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Our Strategic Intelligence Problem


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August 26, 2006

Our Strategic Intelligence Problem

By Ralph Peters

Our national intelligence system will never meet our unrealistic expectations, nor can it ever answer all of our needs. No matter what we do or change or buy, intelligence agencies will remain unable to satisfy our government's appetite for knowledge. This isn't defeatism, but realism. We had better get used to the idea.

This does not mean that our intelligence system cannot be improved. It can. Nor does it imply that our leaders should be less demanding. Stressing the system enhances its performance. But our fantastic expectations must be lowered to a level more in accord with our present and potential capabilities.

And we must end the decades-old practice of blaming flawed intelligence for broader policy failures. For all of its indisputable shortcomings, the U.S. intelligence community has become a too-convenient scapegoat for erroneous decisions made by a succession of leaders indifferent to the substance of intelligence, but alert to the advantages of politics. If we want to improve our comprehensive security, we need to begin with a sharp dose of realism regarding what intelligence can and cannot deliver. We do not expect our health-care system to return every patient to perfect health. It is just as foolish to expect perfect intelligence.

While there are real, endemic problems within our intelligence system, the greater problem may be with the expectations of the public, the media, and our Nation's policymakers. From indefensible defense-contractor promises to the insidious effects of Hollywood's long-running fantasy of all-seeing, all-powerful intelligence agencies, the lack of an accurate grasp of what intelligence generally can provide, occasionally can deliver, and still cannot begin to achieve results in reflexive cries of "Intelligence failure!" under circumstances in which it would have been impossible--or a case of hit-the-lottery luck--for intelligence to succeed.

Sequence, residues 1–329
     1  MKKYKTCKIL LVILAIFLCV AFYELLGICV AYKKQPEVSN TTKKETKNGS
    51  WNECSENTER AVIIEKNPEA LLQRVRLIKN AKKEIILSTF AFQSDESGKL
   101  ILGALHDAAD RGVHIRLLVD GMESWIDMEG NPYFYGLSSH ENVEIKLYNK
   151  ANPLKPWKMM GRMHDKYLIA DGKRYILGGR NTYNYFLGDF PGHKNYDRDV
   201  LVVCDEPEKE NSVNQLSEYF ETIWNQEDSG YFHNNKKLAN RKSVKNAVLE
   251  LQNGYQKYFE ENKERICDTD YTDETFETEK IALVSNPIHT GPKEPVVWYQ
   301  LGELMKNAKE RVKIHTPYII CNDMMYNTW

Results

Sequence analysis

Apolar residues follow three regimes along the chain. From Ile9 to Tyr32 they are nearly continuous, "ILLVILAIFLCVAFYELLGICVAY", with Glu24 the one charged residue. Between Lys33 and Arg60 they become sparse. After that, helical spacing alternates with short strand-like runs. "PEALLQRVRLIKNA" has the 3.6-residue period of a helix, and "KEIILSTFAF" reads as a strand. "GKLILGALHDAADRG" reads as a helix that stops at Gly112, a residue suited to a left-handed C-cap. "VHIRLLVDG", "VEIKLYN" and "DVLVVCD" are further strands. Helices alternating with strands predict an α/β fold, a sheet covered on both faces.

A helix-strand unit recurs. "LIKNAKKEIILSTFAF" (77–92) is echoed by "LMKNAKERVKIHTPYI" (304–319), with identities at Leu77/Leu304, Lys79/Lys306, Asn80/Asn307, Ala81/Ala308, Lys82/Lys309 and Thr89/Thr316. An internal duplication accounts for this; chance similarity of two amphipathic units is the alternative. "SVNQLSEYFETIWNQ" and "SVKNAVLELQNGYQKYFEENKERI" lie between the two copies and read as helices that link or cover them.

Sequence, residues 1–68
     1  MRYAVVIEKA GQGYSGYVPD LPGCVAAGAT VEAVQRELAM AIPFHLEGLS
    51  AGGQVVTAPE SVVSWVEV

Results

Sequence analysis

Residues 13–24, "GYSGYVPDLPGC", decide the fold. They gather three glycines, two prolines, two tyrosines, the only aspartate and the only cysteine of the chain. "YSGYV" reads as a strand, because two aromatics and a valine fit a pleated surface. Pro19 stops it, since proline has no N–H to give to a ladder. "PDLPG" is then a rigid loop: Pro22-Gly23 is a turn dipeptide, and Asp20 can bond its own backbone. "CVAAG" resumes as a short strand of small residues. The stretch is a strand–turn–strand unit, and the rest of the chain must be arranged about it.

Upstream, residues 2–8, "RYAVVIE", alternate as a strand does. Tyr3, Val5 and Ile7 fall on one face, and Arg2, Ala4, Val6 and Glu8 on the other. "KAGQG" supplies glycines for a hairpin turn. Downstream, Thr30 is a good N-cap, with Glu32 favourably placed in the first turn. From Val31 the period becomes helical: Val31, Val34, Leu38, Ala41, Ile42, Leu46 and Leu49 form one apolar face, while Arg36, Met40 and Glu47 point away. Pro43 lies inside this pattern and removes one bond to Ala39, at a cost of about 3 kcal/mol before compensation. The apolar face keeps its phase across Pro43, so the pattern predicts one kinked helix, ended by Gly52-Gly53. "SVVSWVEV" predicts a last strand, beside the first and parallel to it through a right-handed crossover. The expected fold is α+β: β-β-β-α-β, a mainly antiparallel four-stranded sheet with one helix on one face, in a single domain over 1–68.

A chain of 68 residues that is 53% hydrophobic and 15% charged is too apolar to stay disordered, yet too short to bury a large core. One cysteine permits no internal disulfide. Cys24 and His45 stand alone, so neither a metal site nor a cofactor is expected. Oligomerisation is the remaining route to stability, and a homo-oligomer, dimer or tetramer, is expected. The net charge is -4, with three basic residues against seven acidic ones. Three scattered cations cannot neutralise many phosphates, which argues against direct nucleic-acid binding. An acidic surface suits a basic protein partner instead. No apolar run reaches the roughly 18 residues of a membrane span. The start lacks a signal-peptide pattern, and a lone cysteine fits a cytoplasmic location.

Despite the political grandstanding over a catalytic tragedy, any probability of preventing 9/11 through better intelligence work was a myth. Our enemies out-maneuvered and out-imagined us so boldly that none of those who now insist that they warned us offered any useful specificity before the event. In retrospect, many matters appear far simpler and more linear. We cannot believe that a general was so foolish in battle, forgetting that our privileged view is far different from that confronting the general amid the chaos of war. Looking back, it appears obvious that, by 1999, there was an unsustainable hi-tech bubble in the stock market--but how many of us nonetheless bought in near the top? Charges that "They should have seen it coming!" are usually wrong and rarely helpful. The only useful question is "Why didn't we see it coming?"